With the distribution package ready, all that remains is for the package to be pushed to the potential client machines. Many machines may be selected for installation simultaneously, and the network can be scanned for machines which are not already clients. The combination of these two functions allows large-scale distributions to be performed with relative ease. One factor does seem to be a potential irritation, however: machines which have had the package installed require a reboot to initiate scanning, and there did not seem to be an easy way to trigger this automatically. Admittedly, automatic reboots have a habit of enraging end users, but it would be nice to be able to force a reboot upon recalcitrants.

However, this method is not the only one supported. In addition, a smaller application may be sent via email, which when executed will pull the remaining portion of the software across the network and perform the installation. This is the recommended method on Windows 95, 98 and ME machines. As a user, however, this would leave me with serious doubts, since I have been trained to think of all unexpected email-borne applications as being potentially harmful. A better use of this method - which is indeed suggested in the help files - would be as part of a logon script.

With the installation of machines thus catered for, the updating of machines is a similar, yet less involved task. Since machines to be updated can be assumed to have NOD32 installed on them already, it is simply a matter of setting the clients to poll the Server for updates, which can be done in their initial configuration. Servers too can be set to receive their updates from local or net-based locations in their initial rollout or subsequently.

Of course the installation and updates process is only half the requirement within the administration component. The other factor is that of centralising the results and alerts from their various clients.

The results are available in two forms. The less useful is the raw data, available under the clients, log, task and remote install tabs of the Console. As they stand these are likely to become overwhelming quickly without some sort of filtering method. Filters are thus provided which can exclude or include servers, clients and varying subgroups of these. Within each category there are more specific filters - for example the 'Show only problems' filter on the clients tab is simple, yet undoubtedly of great use.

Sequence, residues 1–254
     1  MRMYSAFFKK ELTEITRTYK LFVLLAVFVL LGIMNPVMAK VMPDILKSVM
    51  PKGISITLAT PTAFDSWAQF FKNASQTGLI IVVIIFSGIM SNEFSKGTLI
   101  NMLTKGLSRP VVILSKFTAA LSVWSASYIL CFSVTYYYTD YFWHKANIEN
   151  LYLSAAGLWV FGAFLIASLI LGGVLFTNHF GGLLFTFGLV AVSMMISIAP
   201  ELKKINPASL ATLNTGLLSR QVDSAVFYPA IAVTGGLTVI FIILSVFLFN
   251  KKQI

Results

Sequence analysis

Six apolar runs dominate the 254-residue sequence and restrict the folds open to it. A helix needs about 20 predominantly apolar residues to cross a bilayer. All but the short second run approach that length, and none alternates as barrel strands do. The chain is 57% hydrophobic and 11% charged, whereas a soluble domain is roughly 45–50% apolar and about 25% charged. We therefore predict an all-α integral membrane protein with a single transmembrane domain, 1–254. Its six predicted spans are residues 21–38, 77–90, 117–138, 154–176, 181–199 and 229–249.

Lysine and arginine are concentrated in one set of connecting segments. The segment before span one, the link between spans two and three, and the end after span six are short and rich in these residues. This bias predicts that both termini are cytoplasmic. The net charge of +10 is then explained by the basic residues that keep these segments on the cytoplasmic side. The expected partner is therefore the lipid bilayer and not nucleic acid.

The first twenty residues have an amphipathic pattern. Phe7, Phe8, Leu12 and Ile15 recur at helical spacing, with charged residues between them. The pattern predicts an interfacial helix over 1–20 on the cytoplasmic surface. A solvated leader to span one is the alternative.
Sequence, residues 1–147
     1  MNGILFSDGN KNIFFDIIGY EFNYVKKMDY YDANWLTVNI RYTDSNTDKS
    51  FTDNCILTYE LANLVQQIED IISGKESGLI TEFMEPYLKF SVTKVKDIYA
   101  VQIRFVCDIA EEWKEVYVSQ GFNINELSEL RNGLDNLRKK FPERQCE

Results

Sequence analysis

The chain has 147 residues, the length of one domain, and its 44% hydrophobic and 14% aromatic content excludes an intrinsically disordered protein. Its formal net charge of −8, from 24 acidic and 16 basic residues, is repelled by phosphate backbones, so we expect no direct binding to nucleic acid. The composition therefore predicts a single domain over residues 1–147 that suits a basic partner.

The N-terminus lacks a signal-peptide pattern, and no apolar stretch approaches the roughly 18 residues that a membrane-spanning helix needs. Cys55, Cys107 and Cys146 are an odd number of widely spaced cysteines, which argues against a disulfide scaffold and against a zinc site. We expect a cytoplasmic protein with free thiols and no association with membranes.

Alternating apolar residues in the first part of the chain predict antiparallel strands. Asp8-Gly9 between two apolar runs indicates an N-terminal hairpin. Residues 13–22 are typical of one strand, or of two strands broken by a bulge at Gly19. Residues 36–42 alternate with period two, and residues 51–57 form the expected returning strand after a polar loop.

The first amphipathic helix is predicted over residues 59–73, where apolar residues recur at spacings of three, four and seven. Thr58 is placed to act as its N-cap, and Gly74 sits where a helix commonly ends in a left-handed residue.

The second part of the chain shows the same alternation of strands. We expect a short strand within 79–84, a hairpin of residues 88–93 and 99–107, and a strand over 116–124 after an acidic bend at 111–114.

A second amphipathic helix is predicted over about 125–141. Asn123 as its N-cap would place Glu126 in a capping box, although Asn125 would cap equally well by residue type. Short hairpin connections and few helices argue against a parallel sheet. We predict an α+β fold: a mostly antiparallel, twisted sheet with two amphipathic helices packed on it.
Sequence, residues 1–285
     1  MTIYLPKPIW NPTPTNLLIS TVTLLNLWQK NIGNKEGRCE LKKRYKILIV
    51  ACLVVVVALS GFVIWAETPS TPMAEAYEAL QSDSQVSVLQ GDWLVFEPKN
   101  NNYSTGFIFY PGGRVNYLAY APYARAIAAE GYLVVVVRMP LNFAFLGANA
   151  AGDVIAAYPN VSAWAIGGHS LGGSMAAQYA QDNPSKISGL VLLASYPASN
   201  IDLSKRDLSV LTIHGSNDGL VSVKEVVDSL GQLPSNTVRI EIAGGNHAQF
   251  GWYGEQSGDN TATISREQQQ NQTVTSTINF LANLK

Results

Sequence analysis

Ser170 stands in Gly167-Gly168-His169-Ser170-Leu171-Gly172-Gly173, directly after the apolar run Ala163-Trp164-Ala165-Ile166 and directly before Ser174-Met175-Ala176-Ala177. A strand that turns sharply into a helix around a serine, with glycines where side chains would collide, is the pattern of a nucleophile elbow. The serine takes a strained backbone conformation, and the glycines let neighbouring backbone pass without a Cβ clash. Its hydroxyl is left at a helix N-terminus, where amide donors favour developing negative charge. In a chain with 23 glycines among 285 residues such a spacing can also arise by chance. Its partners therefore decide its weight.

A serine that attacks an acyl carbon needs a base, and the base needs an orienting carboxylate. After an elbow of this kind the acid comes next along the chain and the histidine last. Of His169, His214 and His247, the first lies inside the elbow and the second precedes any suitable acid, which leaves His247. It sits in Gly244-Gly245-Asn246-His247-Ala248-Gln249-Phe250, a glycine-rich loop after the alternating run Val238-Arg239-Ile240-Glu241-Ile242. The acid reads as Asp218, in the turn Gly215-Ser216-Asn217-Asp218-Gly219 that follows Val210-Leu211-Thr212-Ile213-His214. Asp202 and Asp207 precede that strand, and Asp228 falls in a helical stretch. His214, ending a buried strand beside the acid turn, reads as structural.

Even this degree of filtering has its limits in producing overviews and summaries however, and for this omission the reports tab is supplied. This has a comprehensive listing of different reports available, from those useful for statistical analyses of various virus frequencies to those useful in determining problematic clients. There are sufficient tweakable settings here to produce a good range of statistics in many different formats.

Conclusion

The addition of administration features to an already sturdy scanner is always a good thing for the company involved, as long as the administration can be performed usefully. From the (admittedly small-scale) tests done here the basic functionality required in such a product would all seem to be present. Such important matters as the effects of network congestion when installing to many clients were not tested, and thus cannot be commented upon, however.

With its more aggressive marketing methods, and some fairly high-profile head-hunting of new staff, combined with this relatively new administrative clout, ESET is clearly hoping for increased market share, especially in the United States. While the future currently looks promising for ESET, many other companies with similar ambitions have crossed from Eastern Europe with varying degrees of success. Where NOD32 will be in the market-share pecking order in two or three years time still remains something of an unknown quantity.

Technical Details

Test environment

Identical 1.6 GHz Intel Pentium machines with 512 MB RAM, 20 GB dual hard disks, DVD/CD-ROM and 3.5-inch floppy drive running Windows XP Professional SP2, Windows 2003 Server and Windows 2000 Server. AMD64 3800+ machine with 1 GB RAM, 80 GB hard disk, DVD/CD-ROM and 1 MBit ADSL Internet connection running Windows XP Professional SP2.

Developer

Eset Software, 1172 Orange Ave, Coronado, California, 92118, USA. Tel: +1 619 437 7037. Fax +1 619 437 7045. Email